In 1986, the Blue Hill High School football team was good enough to make it to the state playoffs. I know this because I own a T-shirt that says so.
I was only 5 at the time and the T-shirt is size large so I’m going to assume it wasn’t purchased for me. But somehow along the way it ended up in my possession.
My wardrobe consists of numerous dresses, a few suits from my TV days, plenty of jeans, sweaters and skirts. I have also accumulated at least 50 T-shirts throughout my lifetime, but one keeps showing up night after night.
The Blue Hill football T-shirt from 1986.
I’m on day seven of wearing this gem to bed. Despite what my husband says, I do wash it from time to time. As you can imagine, he hates it. On day six of my T-shirt marathon he told me, “Leslie, I am going to take that T-shirt, rip it up for rags, use those rags to wash my dirty truck, then proceed to burn them.”
He’s not a fan.
T-shirts aren’t usually made to last longer than five years, let alone 26 years. The cotton is stretched and in some places it’s see-through. There is a large hole underneath the left armpit. Large pink paint stains still linger under the “F” and near the football helmet.
But for some reason, I keep going back.
Maybe my affection for the T-shirt stems from my younger years. I hated closet cleanout day. Mom would go through and make me donate or throw away items that no longer fit or I simply didn’t wear.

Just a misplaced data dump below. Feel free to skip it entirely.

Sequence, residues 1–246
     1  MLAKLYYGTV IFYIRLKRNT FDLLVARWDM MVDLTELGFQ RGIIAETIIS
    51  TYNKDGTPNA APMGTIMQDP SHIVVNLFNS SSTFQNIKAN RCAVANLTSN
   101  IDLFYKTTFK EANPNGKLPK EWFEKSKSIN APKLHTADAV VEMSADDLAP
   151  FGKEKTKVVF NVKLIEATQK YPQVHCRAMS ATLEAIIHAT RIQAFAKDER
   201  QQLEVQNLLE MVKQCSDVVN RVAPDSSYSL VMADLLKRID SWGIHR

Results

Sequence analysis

That concept makes sense to most, but I always had a hard time letting go.
I’ll never forget my fuzzy purple dinosaur sweatshirt from Aunt Susie or my favorite black and white checkered dress from second grade. My body was adorned in a fantastic jean skirt, ruffled pink socks, a matching pink shirt and white tennis shoes during my first trip flying in 1990. The stewardess pinned TWA wings onto my shirt when we landed.
On a vacation to Los Angeles during my teen years, I spent what seemed like a million bucks on a yellow prom dress found on Rodeo Drive. My wedding dress cost less than that frivolous purchase. The polka dot heels I was wearing when Kyle proposed still sit on my closet shelf. Not far from the heels hangs my grandmother’s leather coat from the ’60s. Even though she has passed, I feel a little bit closer to her each time I wear it to a fancy dinner.
To me, a piece of clothing isn’t just thread. It always makes a statement. Sometimes it says, “I want to be risqué,” like the backless yellow shirt I wore to my first college party. Or maybe I simply want to tell the world that I have a speckled point Himalayan cat named Princess. Yes, I had a shirt made with her photo on the front.
I don’t wear it anymore.
I guess that’s why I can’t get rid of my faded, see-through shirt from 1986. There’s something to be said about a piece of clothing that has lasted so many years. At this point, I can’t bear to throw it away. I want to hold on. I rocked my babies to sleep in this shirt. I painted my girls’ rooms in this shirt. I’ve made career-changing decisions in this shirt.
Doesn’t something so old deserve more respect? If I’m lucky, the threads will hold out for at least one more year. I will cherish the moments of comfort we will share together in its final days and I’ll be sure to keep it away from my husband.
Read more from Leslie Means at her blog, www.herviewfromhome.com, and share clothing you love or hate.